Access Qualities

October 16, 2009

The Library of Congress has recently posted a number of silent animations to their YouTube channel. I like how you can “see the strings” so to speak (how the animation was done) on this film based on a comic strip by Pop Mormand… but it was cute, too:

This isn’t a dis on the LOC (you have to work with the source material you get, and these are just access copies), but the quality of the sources and resulting transfers and then compressions to a YouTube level format is variable. There’s flickering, light issues, and just some overall poor image quality. Plus I sat and watched them on my laptop while drinking my morning coffe. All in all it wasn’t exactly the pristine cinematic experience.

But there’s a part of me that says that’s all right. I grew up in small Oregon logging town. There was one library within a 60 mile radius, and if it was closed you were out of luck for doing research. There were a few movie theatres (and even a drive-in!), but the edgiest fare we got was something like a double feature of Big Top PeeWee and Short Circuit 2. And that was the county capitol, so there were people who had even less access to these things.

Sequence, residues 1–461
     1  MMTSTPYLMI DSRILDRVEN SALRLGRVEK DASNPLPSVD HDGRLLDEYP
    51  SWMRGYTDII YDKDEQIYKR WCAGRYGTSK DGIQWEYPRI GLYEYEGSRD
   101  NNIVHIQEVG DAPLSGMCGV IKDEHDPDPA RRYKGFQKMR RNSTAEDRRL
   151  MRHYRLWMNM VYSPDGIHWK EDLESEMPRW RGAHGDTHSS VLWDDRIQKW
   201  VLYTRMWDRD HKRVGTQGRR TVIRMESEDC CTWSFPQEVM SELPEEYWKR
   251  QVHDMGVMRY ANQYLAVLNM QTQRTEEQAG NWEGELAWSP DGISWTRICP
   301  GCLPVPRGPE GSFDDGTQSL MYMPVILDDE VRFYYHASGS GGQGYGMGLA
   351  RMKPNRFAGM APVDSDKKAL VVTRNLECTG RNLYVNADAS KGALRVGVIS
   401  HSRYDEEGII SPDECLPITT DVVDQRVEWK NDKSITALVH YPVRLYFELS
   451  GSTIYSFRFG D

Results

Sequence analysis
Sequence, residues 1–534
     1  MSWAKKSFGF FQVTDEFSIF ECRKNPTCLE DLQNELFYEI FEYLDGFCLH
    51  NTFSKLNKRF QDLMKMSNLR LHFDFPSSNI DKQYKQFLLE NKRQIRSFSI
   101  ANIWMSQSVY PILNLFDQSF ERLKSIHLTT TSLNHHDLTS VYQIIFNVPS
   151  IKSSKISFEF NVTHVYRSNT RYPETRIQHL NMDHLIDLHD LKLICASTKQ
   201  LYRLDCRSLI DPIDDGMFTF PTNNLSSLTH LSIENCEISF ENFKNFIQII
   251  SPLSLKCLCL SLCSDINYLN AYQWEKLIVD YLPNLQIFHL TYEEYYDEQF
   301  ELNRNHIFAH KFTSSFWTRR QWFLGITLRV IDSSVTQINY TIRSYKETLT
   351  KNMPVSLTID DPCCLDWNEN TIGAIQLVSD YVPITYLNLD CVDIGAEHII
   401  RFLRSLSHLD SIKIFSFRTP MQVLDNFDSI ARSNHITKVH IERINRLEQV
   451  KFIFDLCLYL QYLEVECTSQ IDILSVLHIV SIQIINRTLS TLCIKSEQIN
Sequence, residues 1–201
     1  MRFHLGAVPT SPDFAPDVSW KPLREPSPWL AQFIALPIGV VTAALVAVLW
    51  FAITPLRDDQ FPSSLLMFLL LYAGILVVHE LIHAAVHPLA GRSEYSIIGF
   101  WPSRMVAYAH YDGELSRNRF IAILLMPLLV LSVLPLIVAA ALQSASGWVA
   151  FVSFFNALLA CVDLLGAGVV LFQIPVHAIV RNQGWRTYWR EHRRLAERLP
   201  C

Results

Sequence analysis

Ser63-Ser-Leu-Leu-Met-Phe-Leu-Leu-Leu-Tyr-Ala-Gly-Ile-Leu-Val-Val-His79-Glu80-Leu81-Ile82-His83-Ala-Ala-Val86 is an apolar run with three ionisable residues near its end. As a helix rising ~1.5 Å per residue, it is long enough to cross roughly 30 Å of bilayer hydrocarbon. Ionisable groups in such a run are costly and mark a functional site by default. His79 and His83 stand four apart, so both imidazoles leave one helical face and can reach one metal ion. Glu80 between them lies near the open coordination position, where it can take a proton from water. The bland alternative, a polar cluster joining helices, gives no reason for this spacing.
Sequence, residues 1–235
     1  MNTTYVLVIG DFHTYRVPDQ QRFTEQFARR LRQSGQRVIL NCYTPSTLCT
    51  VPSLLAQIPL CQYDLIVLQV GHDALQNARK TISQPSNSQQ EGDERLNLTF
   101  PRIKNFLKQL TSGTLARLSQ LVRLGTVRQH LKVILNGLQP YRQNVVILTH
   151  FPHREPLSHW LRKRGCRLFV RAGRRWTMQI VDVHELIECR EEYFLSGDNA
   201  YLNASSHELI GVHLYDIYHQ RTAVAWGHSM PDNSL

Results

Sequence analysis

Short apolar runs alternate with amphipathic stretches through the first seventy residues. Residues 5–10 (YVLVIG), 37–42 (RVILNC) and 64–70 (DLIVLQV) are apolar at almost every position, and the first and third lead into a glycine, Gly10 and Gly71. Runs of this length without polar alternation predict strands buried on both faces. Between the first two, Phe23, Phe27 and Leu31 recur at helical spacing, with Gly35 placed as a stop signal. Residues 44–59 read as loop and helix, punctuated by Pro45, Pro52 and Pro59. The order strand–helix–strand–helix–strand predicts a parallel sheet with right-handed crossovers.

And access is what it comes down to. One of the things that drove me into the field of archiving and preservation was this strong feeling that all people deserve equal access to information, culture, and education. Impossible? Maybe. Can I do something to increase access just a little bit more? Yes. Maintaining preservation standards and striving for archival ideals are important, but creating access to materials is the parallel mission.

I didn’t experience these animations to their fullest, but now I know they exist and I have the desire to see better versions of them, let other people know they exist, and support their further preservation. I also learned a little something about film history and animation. And, ultimately, they made me smile and laugh. Even at this remove from the originals, they brought a little joy to my morning, and I’m grateful to the Library of Congress for making them available.

— Joshua Ranger